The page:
College should restore double-sided printing

When I got home with a 4-inch stack of typed lecture notes at the end of last semester, and compared it to the 2-inch stacks of previous semesters, I exuberantly thought for a moment that I’d become a better note-taker. Then I realized the thicker stack wasn’t double-sided, unlike the others.

The truth is, I’m partial to typing up notes and printing them at the New Library, where ink, and sometimes lattes, are free.

This school year, the library updated its computers with new software. Unfortunately, printer settings were also revamped, and the option for double-sided printing was eliminated.

In the past, you could access “Printer Options” on any library computer and set the printer to automatically double-print pages for you.

It took a bit of maneuvering, and PrintSense always (unfairly!) counted pages by the number of sides printed.

But reduced paper usage and a lighter binder were the rewards.

Now, however, printer settings are mostly locked.

You can try printing “Odd Pages Only,” then manually loading those pages back into the feeder and printing “Even Pages Only.” But someone else’s pages will likely intervene, ending up on the backsides of yours.

I asked the librarians about this, but they had no idea the printers used to have double-sided printing capabilities. One even asked me if I was trying to outsmart PrintSense.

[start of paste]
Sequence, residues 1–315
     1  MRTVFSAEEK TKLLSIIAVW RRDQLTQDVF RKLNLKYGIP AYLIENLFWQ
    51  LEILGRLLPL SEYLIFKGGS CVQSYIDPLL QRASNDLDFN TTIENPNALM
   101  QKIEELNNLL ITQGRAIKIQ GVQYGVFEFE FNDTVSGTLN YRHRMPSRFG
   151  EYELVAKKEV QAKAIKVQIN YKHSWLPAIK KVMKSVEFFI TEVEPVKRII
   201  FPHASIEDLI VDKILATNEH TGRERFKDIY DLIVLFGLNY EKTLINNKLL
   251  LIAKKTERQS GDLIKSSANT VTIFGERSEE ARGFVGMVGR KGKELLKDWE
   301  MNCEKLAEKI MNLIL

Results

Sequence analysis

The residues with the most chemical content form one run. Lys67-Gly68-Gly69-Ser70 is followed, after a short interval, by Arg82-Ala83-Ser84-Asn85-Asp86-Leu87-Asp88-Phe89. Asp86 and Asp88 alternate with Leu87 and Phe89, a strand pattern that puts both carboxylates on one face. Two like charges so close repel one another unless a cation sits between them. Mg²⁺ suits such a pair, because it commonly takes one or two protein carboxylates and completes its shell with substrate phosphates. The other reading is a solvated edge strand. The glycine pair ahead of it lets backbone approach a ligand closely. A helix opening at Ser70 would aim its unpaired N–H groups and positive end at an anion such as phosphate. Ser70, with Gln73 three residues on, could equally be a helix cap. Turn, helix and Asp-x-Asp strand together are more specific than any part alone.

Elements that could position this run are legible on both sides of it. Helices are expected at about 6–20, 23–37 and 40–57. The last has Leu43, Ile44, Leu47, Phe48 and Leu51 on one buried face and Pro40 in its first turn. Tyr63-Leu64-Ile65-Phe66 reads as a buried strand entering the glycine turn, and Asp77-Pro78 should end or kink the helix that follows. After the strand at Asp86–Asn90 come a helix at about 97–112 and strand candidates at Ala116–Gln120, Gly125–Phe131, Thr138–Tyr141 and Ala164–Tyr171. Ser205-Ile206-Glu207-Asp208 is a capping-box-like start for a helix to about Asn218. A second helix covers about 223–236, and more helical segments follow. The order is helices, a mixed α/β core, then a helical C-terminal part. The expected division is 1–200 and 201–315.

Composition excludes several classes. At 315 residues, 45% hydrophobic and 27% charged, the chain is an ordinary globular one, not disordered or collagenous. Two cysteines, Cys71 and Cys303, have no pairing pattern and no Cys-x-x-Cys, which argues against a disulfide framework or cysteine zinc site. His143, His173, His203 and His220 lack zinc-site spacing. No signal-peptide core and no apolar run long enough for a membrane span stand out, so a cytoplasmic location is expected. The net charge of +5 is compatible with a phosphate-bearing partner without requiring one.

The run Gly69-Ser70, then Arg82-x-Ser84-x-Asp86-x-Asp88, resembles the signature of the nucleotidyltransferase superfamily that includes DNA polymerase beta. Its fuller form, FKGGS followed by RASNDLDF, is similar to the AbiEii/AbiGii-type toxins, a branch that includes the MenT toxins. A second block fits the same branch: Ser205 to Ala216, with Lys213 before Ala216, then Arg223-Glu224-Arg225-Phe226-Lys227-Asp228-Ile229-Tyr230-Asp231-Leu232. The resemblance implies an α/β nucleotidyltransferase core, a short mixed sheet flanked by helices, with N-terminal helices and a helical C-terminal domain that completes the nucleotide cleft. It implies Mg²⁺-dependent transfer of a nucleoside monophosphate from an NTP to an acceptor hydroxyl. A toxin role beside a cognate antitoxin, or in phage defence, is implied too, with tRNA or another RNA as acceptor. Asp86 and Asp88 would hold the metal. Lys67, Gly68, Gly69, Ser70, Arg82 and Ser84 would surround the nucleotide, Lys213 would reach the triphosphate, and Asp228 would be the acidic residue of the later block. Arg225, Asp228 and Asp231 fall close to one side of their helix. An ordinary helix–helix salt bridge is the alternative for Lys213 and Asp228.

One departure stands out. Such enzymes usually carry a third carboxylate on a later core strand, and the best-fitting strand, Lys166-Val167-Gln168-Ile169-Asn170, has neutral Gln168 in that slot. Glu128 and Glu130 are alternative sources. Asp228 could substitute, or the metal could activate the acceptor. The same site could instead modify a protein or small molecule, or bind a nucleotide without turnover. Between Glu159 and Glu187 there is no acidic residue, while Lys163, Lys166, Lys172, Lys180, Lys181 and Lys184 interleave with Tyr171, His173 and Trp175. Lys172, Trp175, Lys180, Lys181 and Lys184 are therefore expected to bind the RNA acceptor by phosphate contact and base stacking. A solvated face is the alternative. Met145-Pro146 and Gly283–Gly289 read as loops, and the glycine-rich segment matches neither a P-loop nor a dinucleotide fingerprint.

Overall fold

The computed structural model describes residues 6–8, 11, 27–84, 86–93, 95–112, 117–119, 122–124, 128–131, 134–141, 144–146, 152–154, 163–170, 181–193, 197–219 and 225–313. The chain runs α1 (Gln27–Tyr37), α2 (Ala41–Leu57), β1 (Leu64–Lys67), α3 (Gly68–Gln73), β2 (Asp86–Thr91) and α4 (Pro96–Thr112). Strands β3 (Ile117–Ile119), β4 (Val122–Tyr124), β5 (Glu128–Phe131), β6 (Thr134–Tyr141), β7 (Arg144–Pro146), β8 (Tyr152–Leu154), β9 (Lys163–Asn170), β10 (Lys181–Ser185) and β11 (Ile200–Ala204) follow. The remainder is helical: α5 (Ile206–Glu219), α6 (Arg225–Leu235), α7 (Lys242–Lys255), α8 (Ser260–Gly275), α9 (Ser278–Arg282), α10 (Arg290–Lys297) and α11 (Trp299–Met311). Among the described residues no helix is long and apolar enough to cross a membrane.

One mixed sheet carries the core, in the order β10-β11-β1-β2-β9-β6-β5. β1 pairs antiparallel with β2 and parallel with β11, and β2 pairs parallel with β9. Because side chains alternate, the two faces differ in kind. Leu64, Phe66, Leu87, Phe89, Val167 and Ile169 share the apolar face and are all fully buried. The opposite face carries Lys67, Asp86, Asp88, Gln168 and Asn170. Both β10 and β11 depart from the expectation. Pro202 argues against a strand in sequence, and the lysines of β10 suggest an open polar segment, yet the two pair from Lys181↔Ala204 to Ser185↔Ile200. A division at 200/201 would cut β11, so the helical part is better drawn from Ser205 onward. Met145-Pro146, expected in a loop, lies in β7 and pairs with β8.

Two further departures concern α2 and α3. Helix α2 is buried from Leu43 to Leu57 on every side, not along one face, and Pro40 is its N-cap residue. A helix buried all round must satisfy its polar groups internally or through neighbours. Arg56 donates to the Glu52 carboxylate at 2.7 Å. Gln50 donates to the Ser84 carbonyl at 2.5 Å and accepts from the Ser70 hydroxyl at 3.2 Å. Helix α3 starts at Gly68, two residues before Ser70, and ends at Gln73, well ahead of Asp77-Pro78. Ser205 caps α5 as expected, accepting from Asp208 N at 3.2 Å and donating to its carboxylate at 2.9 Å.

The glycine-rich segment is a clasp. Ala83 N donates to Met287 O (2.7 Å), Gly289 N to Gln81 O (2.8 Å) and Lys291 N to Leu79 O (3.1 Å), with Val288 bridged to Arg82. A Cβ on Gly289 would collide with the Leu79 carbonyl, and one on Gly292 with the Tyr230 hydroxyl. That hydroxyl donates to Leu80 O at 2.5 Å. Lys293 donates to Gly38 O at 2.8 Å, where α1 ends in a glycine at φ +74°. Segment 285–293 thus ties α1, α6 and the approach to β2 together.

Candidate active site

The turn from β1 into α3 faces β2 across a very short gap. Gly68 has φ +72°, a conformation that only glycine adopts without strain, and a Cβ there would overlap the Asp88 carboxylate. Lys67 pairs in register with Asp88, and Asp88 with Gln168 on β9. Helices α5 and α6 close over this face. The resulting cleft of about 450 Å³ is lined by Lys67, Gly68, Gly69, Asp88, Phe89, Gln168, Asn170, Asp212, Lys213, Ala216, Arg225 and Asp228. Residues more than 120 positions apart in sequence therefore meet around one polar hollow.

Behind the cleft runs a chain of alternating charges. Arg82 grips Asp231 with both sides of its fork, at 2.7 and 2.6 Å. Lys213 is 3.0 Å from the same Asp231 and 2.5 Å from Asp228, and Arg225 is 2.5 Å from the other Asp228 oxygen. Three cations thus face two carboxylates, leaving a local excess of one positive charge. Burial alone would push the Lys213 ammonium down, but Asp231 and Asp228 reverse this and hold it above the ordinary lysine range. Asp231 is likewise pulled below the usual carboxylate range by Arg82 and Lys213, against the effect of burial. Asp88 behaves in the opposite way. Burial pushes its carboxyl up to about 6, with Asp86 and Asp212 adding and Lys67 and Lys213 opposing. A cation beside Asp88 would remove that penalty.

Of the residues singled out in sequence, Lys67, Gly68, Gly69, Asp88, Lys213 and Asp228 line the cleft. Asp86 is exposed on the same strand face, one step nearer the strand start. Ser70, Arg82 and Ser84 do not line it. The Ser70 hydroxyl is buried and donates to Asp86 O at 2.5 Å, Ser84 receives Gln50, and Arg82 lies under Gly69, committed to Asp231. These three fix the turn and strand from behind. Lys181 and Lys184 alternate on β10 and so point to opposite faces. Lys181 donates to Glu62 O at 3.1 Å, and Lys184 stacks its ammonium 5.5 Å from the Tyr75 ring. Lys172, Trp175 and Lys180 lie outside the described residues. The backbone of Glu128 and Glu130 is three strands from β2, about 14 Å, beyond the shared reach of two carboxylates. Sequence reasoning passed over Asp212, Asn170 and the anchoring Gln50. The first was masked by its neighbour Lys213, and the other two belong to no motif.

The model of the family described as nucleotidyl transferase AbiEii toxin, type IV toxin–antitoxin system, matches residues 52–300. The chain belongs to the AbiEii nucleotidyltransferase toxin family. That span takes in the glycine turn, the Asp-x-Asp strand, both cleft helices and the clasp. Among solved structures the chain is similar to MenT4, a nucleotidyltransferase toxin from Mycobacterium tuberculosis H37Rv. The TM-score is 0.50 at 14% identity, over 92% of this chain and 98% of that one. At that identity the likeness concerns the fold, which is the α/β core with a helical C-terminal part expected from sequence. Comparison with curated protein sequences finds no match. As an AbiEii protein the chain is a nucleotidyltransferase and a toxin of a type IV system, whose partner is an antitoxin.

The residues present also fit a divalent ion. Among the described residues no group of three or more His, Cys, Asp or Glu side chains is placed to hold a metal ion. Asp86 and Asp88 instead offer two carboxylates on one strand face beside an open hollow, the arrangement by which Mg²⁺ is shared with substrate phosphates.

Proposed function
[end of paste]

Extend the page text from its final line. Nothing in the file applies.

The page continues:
Because I was only printing a few pages at a time throughout the fall, it took me a while to become aware of the countless reams of paper lost to single-sided printing each day.

I constantly see students gathering freshly printed 50-page single-sided PDF documents, though I’m sure they would prefer to have the same material in packets half the size.

Maybe the double-sided printing option does exist hidden somewhere, and I’ve just overlooked it for a whole semester.

But if that’s the case, then the library should publicize instructions for double-sided printing. Even better, it could set double-sided printing as the default. Our school would save not only paper, but money as well.

It’s not just about being green and saving trees, although I’m sure this resonates with a lot of us.

It’s also about practicality and convenience – because less paper in our book bags means extra space for the latest (double-sided) copy of The Signal!